Boatload of support
Friends, family help Blake Haxton realize goal of rowing in the Paralympics.
Blake Haxton will be alone in his boat when he races in the 2016 Paralympic Games in September — a fierce competitor chasing a medal for the United States. But his journey to Rio de Janeiro has been anything but solitary.
In fact, his friends and family are a big reason he is a para-rowing champion, Haxton said. They did so much to help him recover from a devastating illness to which he lost his legs, from carrying his boat at every practice and competition to keeping him sane while he juggled law school and athletic training.
He’ll be joined in Brazil by a “whole cast of characters” who will cheer him on as he competes in the men’s arms and shoulders single sculls event.
One is his best friend and current roommate, Stephen Barthelmas ’13, whom he met when both were students at Hastings Middle School in Upper Arlington. It was there that Barthelmas first saw Haxton’s competitive spirit during football and basketball games.
“Blake definitely liked to win, and he had that drive and motivation to get stronger,” said Barthelmas, who rowed with Haxton at Upper Arlington High School. “The will to win was always with him.”
In March 2009, the two were high school seniors and planning a spring break trip to Florida. But without warning, Haxton contracted a bacterial infection that nearly killed him and forced doctors to amputate his legs. He endured 25 surgeries at Ohio State’s Wexner Medical Center.
That’s when Haxton learned the importance of family.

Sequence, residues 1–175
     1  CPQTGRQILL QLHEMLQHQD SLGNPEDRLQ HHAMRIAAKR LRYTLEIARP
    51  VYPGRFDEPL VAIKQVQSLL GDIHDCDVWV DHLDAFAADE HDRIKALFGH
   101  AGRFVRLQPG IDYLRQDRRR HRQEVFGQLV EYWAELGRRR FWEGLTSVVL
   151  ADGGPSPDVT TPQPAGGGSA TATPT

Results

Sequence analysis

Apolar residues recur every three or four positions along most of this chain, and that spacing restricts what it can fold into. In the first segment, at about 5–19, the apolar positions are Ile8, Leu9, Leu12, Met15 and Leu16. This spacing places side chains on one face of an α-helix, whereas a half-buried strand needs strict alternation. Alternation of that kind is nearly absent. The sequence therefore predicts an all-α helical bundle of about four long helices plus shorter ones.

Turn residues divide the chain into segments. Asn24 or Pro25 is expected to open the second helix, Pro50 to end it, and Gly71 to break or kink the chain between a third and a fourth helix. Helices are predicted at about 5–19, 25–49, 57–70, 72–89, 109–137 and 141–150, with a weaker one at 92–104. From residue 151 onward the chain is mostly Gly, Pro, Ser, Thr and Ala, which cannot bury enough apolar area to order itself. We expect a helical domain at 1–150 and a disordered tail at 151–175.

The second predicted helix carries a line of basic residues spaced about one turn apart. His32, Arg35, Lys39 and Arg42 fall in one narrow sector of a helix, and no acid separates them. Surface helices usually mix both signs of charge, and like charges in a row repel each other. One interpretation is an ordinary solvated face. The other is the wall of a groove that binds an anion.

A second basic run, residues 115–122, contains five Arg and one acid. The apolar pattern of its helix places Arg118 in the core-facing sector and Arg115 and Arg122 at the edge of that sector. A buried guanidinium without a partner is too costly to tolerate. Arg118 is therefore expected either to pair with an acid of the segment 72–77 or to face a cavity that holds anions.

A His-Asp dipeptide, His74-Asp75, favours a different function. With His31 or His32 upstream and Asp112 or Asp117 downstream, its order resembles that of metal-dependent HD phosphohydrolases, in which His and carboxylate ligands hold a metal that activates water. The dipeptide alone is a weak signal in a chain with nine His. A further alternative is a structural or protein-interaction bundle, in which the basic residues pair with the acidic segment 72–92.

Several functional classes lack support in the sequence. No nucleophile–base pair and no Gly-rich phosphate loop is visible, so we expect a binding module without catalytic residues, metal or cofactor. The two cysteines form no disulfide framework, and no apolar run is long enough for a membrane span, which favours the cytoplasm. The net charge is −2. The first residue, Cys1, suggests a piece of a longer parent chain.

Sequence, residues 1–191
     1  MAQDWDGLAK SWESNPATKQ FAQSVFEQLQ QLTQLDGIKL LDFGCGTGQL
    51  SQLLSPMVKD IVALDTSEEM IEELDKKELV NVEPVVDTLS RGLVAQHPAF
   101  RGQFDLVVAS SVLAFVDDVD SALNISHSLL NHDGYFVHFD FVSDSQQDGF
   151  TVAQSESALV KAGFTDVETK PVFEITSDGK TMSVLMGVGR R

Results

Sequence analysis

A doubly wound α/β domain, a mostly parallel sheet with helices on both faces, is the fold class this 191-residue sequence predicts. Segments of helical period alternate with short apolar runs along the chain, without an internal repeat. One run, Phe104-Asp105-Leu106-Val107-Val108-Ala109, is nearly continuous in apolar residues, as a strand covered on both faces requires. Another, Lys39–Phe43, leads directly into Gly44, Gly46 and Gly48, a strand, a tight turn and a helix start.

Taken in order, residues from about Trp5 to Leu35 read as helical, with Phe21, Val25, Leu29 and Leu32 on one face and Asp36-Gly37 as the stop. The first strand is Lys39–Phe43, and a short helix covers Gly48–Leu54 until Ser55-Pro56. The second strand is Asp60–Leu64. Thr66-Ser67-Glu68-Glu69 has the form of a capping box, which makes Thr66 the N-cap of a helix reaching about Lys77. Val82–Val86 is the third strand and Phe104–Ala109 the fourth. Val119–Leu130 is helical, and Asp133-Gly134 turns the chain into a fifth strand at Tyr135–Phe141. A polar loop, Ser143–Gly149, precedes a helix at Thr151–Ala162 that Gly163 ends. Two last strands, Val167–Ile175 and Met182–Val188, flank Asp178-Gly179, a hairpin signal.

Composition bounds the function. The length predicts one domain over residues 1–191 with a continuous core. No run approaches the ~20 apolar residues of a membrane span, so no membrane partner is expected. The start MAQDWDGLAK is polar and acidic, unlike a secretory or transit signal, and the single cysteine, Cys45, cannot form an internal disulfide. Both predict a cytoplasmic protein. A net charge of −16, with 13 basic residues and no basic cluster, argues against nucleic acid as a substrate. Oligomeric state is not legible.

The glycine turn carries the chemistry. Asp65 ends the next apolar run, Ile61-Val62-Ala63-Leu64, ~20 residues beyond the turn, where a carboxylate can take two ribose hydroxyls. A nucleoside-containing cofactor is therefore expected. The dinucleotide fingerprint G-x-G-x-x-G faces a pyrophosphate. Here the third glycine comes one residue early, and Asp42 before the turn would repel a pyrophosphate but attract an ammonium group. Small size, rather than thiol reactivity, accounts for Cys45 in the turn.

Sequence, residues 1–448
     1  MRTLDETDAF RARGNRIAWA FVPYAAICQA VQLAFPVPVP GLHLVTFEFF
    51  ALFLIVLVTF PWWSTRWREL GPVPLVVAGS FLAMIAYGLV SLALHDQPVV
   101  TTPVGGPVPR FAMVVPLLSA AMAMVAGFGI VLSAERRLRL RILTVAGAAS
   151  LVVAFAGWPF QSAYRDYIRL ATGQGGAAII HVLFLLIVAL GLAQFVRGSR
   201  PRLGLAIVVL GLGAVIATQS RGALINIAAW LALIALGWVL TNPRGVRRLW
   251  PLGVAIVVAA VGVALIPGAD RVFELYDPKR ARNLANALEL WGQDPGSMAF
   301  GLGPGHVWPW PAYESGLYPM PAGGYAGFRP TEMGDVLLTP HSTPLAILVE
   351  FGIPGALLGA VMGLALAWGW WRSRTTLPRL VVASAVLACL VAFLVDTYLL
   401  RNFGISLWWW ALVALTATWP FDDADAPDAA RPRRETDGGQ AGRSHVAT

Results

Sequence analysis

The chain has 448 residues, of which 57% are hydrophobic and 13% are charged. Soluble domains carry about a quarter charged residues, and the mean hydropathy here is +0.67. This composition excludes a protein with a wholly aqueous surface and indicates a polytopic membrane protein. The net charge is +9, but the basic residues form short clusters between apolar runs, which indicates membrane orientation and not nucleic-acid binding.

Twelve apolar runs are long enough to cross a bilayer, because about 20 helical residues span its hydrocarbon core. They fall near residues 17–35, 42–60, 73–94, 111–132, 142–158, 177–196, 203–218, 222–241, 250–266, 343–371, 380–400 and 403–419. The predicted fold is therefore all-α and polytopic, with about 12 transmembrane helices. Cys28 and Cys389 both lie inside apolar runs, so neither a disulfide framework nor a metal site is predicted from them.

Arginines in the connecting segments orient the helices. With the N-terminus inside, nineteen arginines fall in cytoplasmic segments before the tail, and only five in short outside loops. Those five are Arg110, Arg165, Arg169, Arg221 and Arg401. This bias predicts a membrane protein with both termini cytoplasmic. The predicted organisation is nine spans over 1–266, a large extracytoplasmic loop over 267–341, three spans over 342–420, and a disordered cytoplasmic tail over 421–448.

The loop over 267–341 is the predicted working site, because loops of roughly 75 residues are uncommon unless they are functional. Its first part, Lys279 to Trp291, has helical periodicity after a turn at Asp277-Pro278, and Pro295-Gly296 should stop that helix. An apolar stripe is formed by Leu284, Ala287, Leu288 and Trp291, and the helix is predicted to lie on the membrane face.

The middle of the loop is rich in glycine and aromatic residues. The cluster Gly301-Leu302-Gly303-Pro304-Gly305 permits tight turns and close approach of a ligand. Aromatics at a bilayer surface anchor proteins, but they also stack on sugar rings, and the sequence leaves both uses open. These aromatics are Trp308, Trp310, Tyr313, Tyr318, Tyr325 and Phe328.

“There is no way to exaggerate their role. In every time and every way, they were huge,” Haxton said. “Ever since I was a child, more specifically since I got sick, they’ve done everything they can to set me up to be successful.”
His mother, Heather, learned to change his bandages, and his father, Steve, made difficult medical decisions. When Haxton moved to a rehabilitation center, his older brother, Anderson, often slept there to keep him company. And once he returned home, his younger sister, Haley, fetched whatever he needed as he adjusted to life as an amputee.
Miraculously, he recovered in time to start his freshman year in fall 2009 at Ohio State, where his buddy Barthelmas also had enrolled. They studied and hung out together, graduating in 2013. Rowing wasn’t part of their story anymore, but their friendship remained.
It wasn’t until 2014 that Haxton dipped back into rowing. Enrolled in the Moritz College of Law, he turned to exercise to alleviate the stress of the intense academics. He got a modified rowing machine and started working out.
Haxton soon discovered that his times and speed were good. But he didn’t expect to get back into a boat and compete as a para-rower. For one thing, para-rowing is still in its infancy; it didn’t premiere at the Paralympics until 2008.